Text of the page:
A growing body of opinion hails energy efficiency and conservation as the next big thing. In fact, the International Energy Agency (IEA) says energy efficiency is the world’s most important “fuel”. A report by the organisation says investments in energy efficiency provide such vast savings that the energy saved actually completely surpasses the energy generated by most forms of generation. It argues that energy efficiency is a crucial aspect to the world’s efforts to reduce fossil fuel use as well as carbon emissions, and should be given even more attention.
Between 2005 and 2010, the IEA calculated that energy efficiency measures across 11 of its member countries saved the energy equivalent of US$420 billion (about P3.5 trillion) worth of oil. In the same countries, it was found that were it not for energy efficiency measures implemented in the three years prior to 2010, consumers would have used and paid for two-thirds more energy than was the case. Overall, in one year, energy savings from efficiency measures exceeded the output from any other single fuel source in the same countries, with 11 states avoiding burning 1.5 billion tonnes of oil.
“The energy efficiency market is increasingly delivering outcomes that can help address important public policy challenges. Energy efficiency investments can produce multiple benefits by reducing or limiting the demand for energy. This includes reducing both domestic and international pressures on energy supply systems, thereby increasing system resilience and improving security. It can also produce positive economic outcomes, such as allowing spending on energy to be redirected towards other economic sectors, and by reducing public expenditures. Energy efficiency investments can also result in improved health and wellbeing, and avoided emissions of greenhouse gases and other pollutants,” states the IEA.
Writing in the British newspaper “The Guardian”, Christian Kornevall ÔÇô project director for the World Business Council for Sustainable Development’s Energy Efficiency in Buildings project ÔÇô sounded this warning: by 2050, there will be an additional 3 billion on Earth and 70% of the world’s population will be living in cities.
“While many things about the future remain unclear, one thing is certain: more people in urban areas means an increased demand for new buildings. And unless we change the incredibly inefficient nature of today’s buildings, it means an unprecedented increase in energy use. It’s a ticking time bomb,” Kornevall says.
By Kornevall’s calculations, the world’s “inefficient” buildings consume 40% of the world’s energy and are responsible for nearly the same amount of emitted carbon ÔÇô more than in the transportation or industrial sectors.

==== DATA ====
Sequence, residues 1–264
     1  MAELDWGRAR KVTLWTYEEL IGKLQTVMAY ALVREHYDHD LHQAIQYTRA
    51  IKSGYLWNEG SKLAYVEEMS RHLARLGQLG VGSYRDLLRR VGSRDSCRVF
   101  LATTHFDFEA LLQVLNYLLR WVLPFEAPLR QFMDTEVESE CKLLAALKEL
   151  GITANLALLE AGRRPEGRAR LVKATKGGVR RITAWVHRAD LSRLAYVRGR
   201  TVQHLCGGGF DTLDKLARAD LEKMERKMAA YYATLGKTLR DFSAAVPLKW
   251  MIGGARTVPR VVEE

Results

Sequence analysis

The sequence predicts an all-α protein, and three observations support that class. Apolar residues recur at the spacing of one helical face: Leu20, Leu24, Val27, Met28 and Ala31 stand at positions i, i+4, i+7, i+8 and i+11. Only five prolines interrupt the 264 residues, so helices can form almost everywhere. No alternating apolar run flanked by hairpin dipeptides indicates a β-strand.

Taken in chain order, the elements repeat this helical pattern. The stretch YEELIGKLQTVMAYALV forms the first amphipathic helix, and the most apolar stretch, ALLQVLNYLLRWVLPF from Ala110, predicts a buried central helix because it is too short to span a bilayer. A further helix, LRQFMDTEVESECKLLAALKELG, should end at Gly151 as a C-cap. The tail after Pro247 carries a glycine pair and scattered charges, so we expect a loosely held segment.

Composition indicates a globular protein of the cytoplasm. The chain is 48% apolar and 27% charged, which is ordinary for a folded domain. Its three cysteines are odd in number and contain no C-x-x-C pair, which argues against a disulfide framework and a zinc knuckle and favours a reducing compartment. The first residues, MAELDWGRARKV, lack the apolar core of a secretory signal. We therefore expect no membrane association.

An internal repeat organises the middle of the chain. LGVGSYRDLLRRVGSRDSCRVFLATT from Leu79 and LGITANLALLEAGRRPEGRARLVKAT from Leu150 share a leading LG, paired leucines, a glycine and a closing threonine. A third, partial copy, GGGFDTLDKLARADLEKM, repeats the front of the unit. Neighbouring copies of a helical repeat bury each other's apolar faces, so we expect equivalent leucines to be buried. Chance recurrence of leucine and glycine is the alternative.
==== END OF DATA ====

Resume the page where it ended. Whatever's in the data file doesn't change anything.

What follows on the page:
“The good news is that the opportunity exists to drastically reduce energy use in buildings in the next 40 years,” he says. “All this is doable, in an efficient market, and we already have the technology solutions available that can reduce energy in buildings by at least 50%, possibly as much as 80%.”
A local architect, Kgosi Mphathi, managing director of the architectural firm Feature Homes, points out that architecture design is currently primarily driven by the need for energy conservation.
“Ever since global warming became a primary concern, it has been proven that buildings contribute immensely to the total carbon footprint of developed areas hence methods of reducing this in the way we design buildings has become a mainstay,” Mphathi says.
He has realised that there are clients who are aware that the way a building is designed has a bearing on the amount of energy saved; however these clients are very few, and tend to be abreast with what the industry calls active systems (such as solar energy) rather than passive systems ( such as building orientation and/or design). Most first time homeowners are the least aware of how design can impact on energy saving. Those building their second or even third house would have developed the knowledge of energy conservation in building design the hard way after investing a fortune into a badly designed building.
Mphathi points out that it is important to recognise whether the cost of implementing the system of energy conservation would be less than the cost of energy that is ultimately saved by a significant margin.
He observes that in most building designs, energy conservation is achieved by orientating the building in the most appropriate way, selecting room adjacencies that control how heat flows within the house, and using mechanical/electrical systems that can actively support an efficient use of energy.
“The most cost effective strategy on energy conservation comes in the way you orientate your building and position the rooms within the floor plan,” he says. “There are other methods classified as active measures which can cost little, such as energy efficient light bulbs, whilst some, like solar energy panels, can be more expensive.”
Ultimately, Mphathi observes, what determines the viability of a solution is whether the cost of implementing a strategy will save a client more money in the amount of energy saved. ┬á
“The effectiveness of any strategy is also realised over varying time periods, hence it is important to measure each system over the whole lifetime of the building in order to get a full picture of the viability of that method,” he says.